A storm moving slowly through the Caribbean Sea is threatening to bring heavy rainfall, mudslides, and flash floods to parts of Mexico, Cuba, Florida and the U.S. Gulf Coast this weekend. Subtropical Storm Alberto – the first named storm of the 2018 hurricane season – was roiling parts of coastal Mexico and Cuba with rip currents and dangerous surf on Friday. Both countries issued tropical storm watches for portions of their coastlines, with rain totals in some isolated areas of up to 25 inches.
U.S. forecasters followed suit by issuing a tropical storm watch for parts of the Gulf Coast from the Florida Panhandle southwest of Tallahassee to the New Orleans metropolitan area.
At 11 p.m. ET, the National Hurricane Center in Miami said Alberto was centered about 110 miles southeast of Cozumel, Mexico. Its top sustained winds were 40 mph. A gradual strengthening was expected through the weekend as it moves north.
The U.S. is expected to start feeling Alberto’s effects Saturday. The hurricane center said up to 12 inches of rain was possible across the Florida Keys and southern and southwestern Florida. Residents in the storm’s expected path were advised to monitor the storm’s progress. “Flooding potential will increase across this region early next week as Alberto is forecast to slow down after it moves inland,” the hurricane center said.
The National Weather Service said a flash flood watch would be in effect from Saturday evening through Tuesday evening for southeastern Mississippi, southwestern Alabama and the western Florida Panhandle. A storm surge watch was also issued for parts of Florida, Alabama, Mississippi and Louisiana.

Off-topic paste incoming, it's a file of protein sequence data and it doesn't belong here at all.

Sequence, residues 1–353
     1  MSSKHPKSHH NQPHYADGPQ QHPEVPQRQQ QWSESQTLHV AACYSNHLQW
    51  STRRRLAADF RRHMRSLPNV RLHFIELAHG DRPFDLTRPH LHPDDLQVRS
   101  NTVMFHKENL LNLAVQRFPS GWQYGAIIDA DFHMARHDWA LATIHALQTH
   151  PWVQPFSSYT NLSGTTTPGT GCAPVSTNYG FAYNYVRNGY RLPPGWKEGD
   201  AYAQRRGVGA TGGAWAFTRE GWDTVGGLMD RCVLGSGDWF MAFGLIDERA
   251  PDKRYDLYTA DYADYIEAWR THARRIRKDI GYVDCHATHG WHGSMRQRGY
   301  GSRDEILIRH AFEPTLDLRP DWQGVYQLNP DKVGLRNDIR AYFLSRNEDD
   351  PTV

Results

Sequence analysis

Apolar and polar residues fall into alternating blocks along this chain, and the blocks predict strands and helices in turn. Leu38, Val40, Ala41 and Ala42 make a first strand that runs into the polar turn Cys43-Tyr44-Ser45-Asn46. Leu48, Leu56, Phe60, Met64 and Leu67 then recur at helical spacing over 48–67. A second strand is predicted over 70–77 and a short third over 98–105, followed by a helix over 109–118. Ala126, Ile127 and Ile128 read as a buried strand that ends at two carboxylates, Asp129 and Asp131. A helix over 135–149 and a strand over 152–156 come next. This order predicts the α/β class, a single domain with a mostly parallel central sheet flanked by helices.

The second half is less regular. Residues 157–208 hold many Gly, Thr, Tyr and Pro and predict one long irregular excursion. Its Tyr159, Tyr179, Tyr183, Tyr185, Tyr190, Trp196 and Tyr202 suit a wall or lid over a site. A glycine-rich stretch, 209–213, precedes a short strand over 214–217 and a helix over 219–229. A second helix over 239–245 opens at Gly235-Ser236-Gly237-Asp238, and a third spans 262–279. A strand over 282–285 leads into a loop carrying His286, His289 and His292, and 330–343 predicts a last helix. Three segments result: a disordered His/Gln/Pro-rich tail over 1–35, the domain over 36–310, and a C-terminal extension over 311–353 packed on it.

A subtropical storm has a less defined and cooler center than a tropical storm, and its strongest winds are found farther from its center. Subtropical storms can develop into tropical storms, which in turn can strengthen into hurricanes. Alberto comes ahead of schedule: the six-month hurricane season doesn’t begin until June 1.
Parts of Florida, Georgia, Alabama, Mississippi and Louisiana have already seen heavy rain this week, and further deluges could leave those areas vulnerable to flash flooding and river flooding. Some beachfront and riverfront communities are already handing out sandbags.
The downpours could dampen Memorial Day, the unofficial start of the summer tourist season along Gulf beaches. Along with heavy rains and high winds come rough seas and a threat of rip currents from Florida to Louisiana that can sweep swimmers out to sea.
In Tallahassee, the city and Leon County are set to open several sandbag locations to the public on Friday in preparation for the possibility of heavy rainfall over the weekend.
As of now, the storm is expected to make landfall and push northward into Tennessee and Kentucky starting Wednesday as a tropical depression.